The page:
Hyecho's Trip to India

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Hyecho, an 8th century Silla Buddhist monk, wrote a travelogue entitled Journey to the Five Nations of India after traveling to five regions of northern and eastern India. Hyecho’s travelogue is one of the four famous travel books along with the Travels of Marco Polo, the Travels of Ibn Battuta, and the Travels of Friar Odoric; it predates the other three by about 500 years.

Hyecho likely left Tang China by sea in 723 CE and returned over land after four years. Hyecho studied Tantric Buddhism under Master Vajrabodhi in China before he made the trip. His book was found by French explorer P. Pelliot in the Dunhuang Caves in China in 1908.

His travelogue, written in literary Chinese, chronicles his pilgrimage to sacred places of Buddha’s birth, death and mission in India and records his observations on the various regions and countries he traveled through on his return trip to China. Hyecho first visited Kushinagara, where Buddha died, then proceeded to Varanasi, where Buddha delivered his first sermon to five bhikkhus after his great awakening. Hyecho also visited Rajagrha, Vulture Mountain, and Bodhgaya where Buddha attained the awakening, and Lumbini where Buddha was born.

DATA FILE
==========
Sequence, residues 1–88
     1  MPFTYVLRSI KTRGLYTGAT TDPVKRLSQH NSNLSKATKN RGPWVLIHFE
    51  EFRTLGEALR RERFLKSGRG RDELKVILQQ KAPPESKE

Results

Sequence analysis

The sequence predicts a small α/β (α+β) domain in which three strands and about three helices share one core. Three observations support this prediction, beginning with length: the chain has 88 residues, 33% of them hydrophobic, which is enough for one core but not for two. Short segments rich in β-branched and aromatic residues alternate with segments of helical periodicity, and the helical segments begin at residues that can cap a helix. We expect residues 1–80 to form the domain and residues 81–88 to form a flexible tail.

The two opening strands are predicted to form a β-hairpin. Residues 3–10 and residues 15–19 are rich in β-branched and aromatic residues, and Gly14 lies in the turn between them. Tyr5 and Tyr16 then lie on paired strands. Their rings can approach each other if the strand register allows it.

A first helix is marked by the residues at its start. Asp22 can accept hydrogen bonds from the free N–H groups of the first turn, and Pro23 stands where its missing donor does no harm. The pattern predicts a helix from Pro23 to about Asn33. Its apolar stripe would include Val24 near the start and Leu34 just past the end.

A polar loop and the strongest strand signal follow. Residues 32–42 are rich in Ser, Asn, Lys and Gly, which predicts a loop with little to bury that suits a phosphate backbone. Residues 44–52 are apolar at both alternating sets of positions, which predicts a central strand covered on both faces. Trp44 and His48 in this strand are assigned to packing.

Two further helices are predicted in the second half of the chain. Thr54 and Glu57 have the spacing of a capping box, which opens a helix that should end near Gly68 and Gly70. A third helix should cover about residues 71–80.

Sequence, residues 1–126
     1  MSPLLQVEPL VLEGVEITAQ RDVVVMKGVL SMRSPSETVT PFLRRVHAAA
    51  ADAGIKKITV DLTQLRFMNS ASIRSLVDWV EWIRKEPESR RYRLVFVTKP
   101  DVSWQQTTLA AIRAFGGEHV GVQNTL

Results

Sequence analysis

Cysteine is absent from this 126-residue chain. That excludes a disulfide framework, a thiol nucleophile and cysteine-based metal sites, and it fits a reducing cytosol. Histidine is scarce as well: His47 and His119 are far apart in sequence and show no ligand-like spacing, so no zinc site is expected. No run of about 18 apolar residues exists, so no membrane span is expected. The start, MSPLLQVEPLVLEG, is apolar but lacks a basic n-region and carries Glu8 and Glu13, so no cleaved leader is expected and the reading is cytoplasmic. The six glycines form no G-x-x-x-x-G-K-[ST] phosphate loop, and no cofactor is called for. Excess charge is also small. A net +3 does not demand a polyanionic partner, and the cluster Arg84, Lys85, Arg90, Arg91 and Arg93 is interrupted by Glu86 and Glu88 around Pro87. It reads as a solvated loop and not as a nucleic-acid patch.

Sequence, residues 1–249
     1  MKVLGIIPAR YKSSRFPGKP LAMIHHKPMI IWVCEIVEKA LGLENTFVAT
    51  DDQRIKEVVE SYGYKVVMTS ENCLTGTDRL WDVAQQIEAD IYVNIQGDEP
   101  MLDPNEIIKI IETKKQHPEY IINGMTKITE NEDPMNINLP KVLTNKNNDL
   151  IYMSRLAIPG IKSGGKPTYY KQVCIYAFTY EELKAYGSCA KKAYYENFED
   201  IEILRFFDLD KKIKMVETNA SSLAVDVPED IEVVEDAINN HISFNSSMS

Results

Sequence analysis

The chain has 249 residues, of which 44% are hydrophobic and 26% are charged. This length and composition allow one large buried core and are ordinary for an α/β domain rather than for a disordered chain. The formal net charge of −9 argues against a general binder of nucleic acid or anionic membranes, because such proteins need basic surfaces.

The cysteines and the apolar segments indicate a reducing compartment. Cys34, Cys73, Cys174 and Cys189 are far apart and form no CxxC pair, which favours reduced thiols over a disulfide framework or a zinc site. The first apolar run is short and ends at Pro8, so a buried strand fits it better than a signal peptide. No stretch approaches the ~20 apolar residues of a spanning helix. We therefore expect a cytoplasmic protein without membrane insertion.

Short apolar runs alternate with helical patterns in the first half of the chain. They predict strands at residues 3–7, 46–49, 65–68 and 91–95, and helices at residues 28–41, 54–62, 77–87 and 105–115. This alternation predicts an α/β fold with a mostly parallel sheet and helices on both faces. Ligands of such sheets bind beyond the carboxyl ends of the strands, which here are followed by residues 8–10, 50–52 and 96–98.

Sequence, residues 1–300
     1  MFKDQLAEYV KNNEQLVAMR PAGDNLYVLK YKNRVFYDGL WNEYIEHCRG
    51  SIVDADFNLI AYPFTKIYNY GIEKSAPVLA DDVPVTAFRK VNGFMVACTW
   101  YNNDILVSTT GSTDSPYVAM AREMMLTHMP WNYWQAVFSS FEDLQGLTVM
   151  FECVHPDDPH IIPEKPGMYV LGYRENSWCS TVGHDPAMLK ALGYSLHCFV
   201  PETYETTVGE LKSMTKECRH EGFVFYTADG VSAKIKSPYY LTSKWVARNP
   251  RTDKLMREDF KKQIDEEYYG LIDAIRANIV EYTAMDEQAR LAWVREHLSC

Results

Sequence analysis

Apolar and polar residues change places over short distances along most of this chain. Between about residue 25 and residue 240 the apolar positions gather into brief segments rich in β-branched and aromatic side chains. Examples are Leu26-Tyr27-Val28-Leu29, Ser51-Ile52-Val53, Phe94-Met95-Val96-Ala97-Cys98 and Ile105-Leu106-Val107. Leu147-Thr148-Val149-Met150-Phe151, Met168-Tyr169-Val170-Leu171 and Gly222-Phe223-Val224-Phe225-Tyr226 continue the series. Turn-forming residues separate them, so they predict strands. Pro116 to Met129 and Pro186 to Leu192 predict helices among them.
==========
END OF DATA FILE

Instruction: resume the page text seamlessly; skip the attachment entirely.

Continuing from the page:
On his way back to China, Hyecho visited Kashmir, Gandhara in what is now Pakistan, and Peshawar and Gilgit in what is now Afghanistan. He traveled through the Silk Road linking China to Central Asia, the Parmir Plateau, Kashgar and an oasis town at the edge of the Taklimakan Desert. His travelogue ended there with the last remaining entry around November 727. Two-thirds of his travelogue is lost, leaving only one volume out of the original three.

In his travelogue, Hyecho recorded such strange customs as people living naked, brothers sharing one common wife and men marrying their mothers and sisters. Hyecho’s book is the only written record of northern India and Central Asia in the 8th century. He also observed the military strength of the countries he was passing. His reference to the Arabs in the book indicates the extent of their advancement into India. He described the westward influence of the Han Chinese into Central Asian countries along the route of his return trip.

Hyecho also touched on the practices of Mahayana and Hinayana Buddhism in the countries, while visiting all the eight sacred places of Buddhism. Also, he left detailed descriptions of the regional variations in food, clothing, customs, products and weather.

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